13. Often you have to make choices. Resource limitations force poorer quality emulation. The CX16 itself has the problem that it has hardware based sprite collision detection, which is easy enough in electronics but a complete pain in the neck in code if you want bit level accuracy. I don't think the emulator does it, it certainly didn't. There is a case to be made for removing it for precisely this reason. Backwards to this is the X8 Window, which is not difficult in FPGA but would be a swine to do in logic.
  14. Appears to be triggered by the cases becoming available. Electronically it's not complex, it's a Nexys A7 board with some add ons electronically. I don't think it's really a competitor for the X16. I'll be surprised if it's as low as $600. Developing for an M65 is much more complicated than an X16/X8 which is really just a tarted up C64
  15. I do remember the PE "Champ" 4040 machine which was built on veroboard ....
  16. The obvious thing to add to the X8 early on is an ESP32. Apart from the I/O ports, this also gives you Wifi, Bluetooth, and it also has a data transfer protocol ESP-NOW which I have tinkered with a bit and seems fairly simple and reliable, and talk to it over SPI.
  17. Yup, the price will be interesting. The devkit version was basically $1k. I'd guess $799 or $899 myself Wouldn't surprise me if it was more than the devkit.
  18. I think 250 for the X8 is a bit pessimistic, thought it matters less because it's the easiest to physically implement I think. If it's being sold at £50-£100 I think many people would buy it even if they bought an X16 as well. It's almost a beer money purchase.
  19. You should be using tag strip , get with the times.
  20. Well, Dave said he'd invested 5 figures and that Peri had invested 4 figures. I'm not sure how much actual cost there is in the development. I'd got the impression, perhaps wrongly, from comments that it was done for nothing or for a share of any profits. Parts cost can't be huge. PCB costs, didn't think they were ridiculous. Pre-paid the licensing is a possibility I suppose. I wonder if a decision will come sooner rather than later. One consequence of the original post will be some developers will be wondering if the machine they are writing the game for will ever exist, especially if it is Vera heavy stuff. There's something special about seeing one of your games on a real piece of hardware.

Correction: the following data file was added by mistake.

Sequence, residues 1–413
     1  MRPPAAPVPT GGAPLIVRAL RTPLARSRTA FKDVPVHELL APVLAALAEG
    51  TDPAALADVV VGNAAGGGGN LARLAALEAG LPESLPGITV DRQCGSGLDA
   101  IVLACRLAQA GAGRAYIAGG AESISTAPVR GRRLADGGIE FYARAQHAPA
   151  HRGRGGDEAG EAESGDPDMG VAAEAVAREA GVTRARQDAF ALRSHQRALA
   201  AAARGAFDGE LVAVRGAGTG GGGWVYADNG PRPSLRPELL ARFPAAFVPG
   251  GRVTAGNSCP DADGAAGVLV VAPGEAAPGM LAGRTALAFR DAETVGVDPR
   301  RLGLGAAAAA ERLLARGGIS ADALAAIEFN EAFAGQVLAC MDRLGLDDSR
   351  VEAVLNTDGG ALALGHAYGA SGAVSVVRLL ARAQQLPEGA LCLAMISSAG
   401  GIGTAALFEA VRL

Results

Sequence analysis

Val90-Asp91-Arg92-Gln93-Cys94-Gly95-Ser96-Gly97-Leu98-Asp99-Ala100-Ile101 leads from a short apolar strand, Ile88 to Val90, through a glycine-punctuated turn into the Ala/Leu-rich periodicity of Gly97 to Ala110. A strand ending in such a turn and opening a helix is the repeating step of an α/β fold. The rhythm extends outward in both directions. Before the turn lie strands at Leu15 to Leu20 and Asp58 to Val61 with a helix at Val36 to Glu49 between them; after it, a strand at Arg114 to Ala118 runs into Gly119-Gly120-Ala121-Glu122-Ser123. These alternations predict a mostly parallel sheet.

21. ... I thought they were selling the customised version, my bad
  22. I wondered how much of the deficit went into keyboards. I never could fathom out the compulsory keyboard, I mean what about non US people ? I find US keyboards (@/" swapped round compared to the UK the main difference) irritating, so a French person with their AZERTY layout would probably end up throwing it out of the window. And personally, if I was going to use the thing rather than look at it, I'd swap the keyboard anyway, just so it didn't get damaged, I'm fairly rough on keyboards and I also like the split arced ones that I think Microsoft did first. I do wonder about how that affects the price. If the price of the kit is $250-$300ish a custom case and keyboard would probably do a large chunk of that on its own, and at the X8 price you are probably bare board level. Which is fine, screw it to a bit of perspex or something.